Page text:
It was in 2007, that I decided to leave a stable junior high youth ministry job at Foothills Bible Church in Littleton. I left that job not knowing what would come next though at the time we felt like it was the wise move. That decision led me into a desert time of trying to figure out my calling that would last three years. I thought about the mission field, working at Apple Retail, applied to become a professor and had a short stint as a youth pastor again. Then finally in the summer of 2010, we moved to Champaign.
We can’t go back and change the past. But we can learn from the past. Would I go back and make different decisions about what we would have done at those five year jump points? I don’t know. If I could go back and talk to my younger self in 2002, 2007 and 2012, I would tell myself to:
- Take one day at a time and not try to plan too much into the future
- Be present with people around me instead of letting anxious thoughts rule the day and keep me from truly being with people in the moment
- Trust that God will provide and that I don’t have to handle everything on my own
And now we come to another five year stage, we are learning from our past experiences and not jumping again. Though we could make a lot of money from selling our house, we love where we are in Edgewater and what we are up to as a family. Hillary loves her job as a preschool teacher at Lumberg Elementary and is working toward her Preschool Director License. I love my role with Edgewater Collective investing in our local schools. This summer, I’m moving my office into the Jefferson Community Center at Jefferson Junior/Senior High School and am a part of building an exciting partnership for connecting resources to families and the community. Anna is going to Jefferson Junior High in the fall and Norah will be starting 5th grade. And we are still praying and dreaming of a neighborhood Vineyard church here in Edgewater.
We have learned from our past fifteen years of marriage and the transitions that we went through. Now we are rooted and established in a neighborhood. We are staying! No jump this year!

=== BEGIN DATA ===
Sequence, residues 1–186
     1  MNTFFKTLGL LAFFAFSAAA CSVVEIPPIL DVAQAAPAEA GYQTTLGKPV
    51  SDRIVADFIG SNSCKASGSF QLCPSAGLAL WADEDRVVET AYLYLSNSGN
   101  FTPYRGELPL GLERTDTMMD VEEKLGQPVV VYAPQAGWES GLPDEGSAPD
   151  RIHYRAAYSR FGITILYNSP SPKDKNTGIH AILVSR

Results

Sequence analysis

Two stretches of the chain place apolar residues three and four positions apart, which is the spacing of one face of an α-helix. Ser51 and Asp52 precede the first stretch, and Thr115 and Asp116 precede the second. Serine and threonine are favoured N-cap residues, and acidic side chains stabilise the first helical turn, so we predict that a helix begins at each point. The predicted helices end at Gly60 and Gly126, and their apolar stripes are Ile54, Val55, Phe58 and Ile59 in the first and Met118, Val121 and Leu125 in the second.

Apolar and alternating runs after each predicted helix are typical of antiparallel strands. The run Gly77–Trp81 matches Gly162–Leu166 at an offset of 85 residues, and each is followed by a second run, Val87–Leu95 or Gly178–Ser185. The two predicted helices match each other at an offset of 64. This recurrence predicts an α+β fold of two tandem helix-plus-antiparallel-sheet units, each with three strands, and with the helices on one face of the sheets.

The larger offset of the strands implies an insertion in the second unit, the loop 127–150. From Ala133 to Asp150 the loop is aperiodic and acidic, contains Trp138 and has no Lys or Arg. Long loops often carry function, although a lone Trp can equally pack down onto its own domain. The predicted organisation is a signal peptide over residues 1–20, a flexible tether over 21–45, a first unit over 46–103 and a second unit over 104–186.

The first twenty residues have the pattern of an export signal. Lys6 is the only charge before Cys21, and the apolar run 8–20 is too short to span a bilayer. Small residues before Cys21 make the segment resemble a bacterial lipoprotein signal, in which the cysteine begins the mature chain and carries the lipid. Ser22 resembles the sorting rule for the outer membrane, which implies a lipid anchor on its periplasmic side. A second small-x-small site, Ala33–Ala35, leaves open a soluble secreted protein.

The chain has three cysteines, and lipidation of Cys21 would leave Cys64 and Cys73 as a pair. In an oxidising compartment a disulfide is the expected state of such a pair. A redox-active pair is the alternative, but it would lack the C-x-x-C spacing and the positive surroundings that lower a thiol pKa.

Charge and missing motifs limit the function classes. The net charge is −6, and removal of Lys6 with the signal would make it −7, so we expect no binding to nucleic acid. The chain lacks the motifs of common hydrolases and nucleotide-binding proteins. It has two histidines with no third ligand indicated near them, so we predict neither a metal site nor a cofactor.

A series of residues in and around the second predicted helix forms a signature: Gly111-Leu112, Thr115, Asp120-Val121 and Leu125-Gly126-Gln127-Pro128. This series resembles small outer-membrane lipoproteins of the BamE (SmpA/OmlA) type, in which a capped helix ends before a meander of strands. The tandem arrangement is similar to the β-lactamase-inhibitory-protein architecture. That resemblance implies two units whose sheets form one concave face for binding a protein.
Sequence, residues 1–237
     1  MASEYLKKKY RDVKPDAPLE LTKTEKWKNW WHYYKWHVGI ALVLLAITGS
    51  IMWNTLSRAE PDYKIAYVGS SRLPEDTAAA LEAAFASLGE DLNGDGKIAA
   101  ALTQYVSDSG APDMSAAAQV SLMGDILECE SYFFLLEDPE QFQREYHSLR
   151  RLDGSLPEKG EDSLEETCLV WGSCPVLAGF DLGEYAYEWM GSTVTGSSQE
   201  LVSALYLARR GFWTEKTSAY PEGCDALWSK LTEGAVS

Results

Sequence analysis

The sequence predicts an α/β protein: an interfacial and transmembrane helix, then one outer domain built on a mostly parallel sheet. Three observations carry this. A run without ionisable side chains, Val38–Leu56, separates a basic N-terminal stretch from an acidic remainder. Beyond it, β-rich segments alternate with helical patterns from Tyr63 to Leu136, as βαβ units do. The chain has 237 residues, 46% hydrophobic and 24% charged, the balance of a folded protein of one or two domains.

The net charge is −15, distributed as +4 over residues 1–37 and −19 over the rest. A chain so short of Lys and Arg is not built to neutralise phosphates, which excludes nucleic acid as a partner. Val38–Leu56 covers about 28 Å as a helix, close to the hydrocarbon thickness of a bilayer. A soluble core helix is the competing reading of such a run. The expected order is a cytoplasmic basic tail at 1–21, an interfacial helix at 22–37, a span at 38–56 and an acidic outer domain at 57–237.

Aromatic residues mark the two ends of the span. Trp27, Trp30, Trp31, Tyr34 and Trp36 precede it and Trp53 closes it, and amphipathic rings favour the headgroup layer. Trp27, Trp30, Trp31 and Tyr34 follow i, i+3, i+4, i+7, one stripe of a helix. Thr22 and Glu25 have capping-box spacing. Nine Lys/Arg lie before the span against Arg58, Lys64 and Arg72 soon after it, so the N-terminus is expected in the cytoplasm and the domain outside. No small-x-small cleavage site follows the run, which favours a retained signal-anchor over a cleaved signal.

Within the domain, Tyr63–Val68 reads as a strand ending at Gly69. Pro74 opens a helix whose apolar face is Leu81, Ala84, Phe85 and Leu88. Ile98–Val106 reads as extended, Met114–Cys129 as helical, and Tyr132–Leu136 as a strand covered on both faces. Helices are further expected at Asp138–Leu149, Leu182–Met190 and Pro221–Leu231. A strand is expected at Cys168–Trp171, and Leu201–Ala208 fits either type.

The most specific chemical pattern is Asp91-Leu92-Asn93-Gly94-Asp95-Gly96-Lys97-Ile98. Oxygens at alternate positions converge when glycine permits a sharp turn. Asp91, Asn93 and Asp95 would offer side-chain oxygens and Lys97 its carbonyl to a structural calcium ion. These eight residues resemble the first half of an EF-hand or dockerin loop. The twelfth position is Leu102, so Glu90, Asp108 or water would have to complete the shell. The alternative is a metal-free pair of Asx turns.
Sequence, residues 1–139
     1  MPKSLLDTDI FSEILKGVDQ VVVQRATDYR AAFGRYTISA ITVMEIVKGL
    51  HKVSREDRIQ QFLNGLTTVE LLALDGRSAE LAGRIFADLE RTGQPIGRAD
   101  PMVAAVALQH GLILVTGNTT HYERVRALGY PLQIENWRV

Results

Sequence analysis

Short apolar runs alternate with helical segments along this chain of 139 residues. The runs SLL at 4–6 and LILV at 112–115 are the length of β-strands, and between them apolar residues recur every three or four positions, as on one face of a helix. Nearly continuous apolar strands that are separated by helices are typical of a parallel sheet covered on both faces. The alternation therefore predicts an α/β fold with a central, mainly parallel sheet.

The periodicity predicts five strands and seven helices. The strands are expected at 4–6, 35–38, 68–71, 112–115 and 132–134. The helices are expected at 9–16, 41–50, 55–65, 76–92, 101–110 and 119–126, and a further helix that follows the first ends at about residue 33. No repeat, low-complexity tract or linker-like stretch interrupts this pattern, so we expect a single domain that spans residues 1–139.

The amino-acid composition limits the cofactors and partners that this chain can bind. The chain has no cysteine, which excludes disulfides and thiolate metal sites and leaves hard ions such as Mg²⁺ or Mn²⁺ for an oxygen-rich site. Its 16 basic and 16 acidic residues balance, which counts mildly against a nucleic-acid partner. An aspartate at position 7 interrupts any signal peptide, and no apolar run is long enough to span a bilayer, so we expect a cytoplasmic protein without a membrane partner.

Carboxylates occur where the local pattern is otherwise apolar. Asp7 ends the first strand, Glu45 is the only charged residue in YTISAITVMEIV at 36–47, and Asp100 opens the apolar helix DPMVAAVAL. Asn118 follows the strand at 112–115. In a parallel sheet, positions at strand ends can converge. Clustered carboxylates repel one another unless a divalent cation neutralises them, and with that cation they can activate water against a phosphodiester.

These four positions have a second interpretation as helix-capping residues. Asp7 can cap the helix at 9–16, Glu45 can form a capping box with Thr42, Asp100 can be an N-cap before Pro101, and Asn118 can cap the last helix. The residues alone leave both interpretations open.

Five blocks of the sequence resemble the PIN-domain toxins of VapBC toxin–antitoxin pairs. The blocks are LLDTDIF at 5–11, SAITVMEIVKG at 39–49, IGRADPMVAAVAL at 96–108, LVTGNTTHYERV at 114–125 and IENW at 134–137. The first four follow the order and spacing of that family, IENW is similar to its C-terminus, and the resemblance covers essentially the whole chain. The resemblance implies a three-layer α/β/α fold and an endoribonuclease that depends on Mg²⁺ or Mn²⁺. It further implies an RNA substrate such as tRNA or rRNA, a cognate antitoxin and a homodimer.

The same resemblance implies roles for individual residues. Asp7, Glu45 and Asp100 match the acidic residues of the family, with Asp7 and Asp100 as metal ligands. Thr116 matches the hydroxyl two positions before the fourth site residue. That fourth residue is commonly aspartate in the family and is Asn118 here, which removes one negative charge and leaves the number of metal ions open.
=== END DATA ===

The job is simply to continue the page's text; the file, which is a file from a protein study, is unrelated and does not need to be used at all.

The Five Year Jumps
2002: Married and moved to Englewood, Colorado without jobs
2007: Left youth ministry job at Foothills Bible Church
2012: Left family ministry job at First Presbyterian Church
2017: Resting and staying in Edgewater!
Four and a half years ago when we moved to Edgewater, we chose to send our daughters to our neighborhood school, Lumberg Elementary. At the time, I wrote a blog post titled “Sacrificing Our Kids’ Education for the Mission.” In September of 2012, we felt like we were taking a chance in sending our children to a low-performing school. Many of my beliefs about education have changed since that blog post including the notion that by choosing Lumberg we were sacrificing something.
Now once again we are making another educational choice. This fall our oldest daughter Anna will attend our neighborhood school for 7th grade, Jefferson Junior/Senior High School. The best part about this decision is that Anna is involved in this decision and feels deeply about wanting to attend Jefferson. Honestly, Anna is making the decision and we agree with her.
It is important to understand the perception surrounding our high school here in Edgewater. It was once a true neighborhood high school and the top option for our proud, working class neighborhood. But starting in the late 1970s, the perception started to change and with changing demographics, more and more neighborhood families chose to send their children to other high schools in the suburbs. For the last twenty years, Jefferson has floundered as a high majority of students are struggling against the roadblocks of poverty.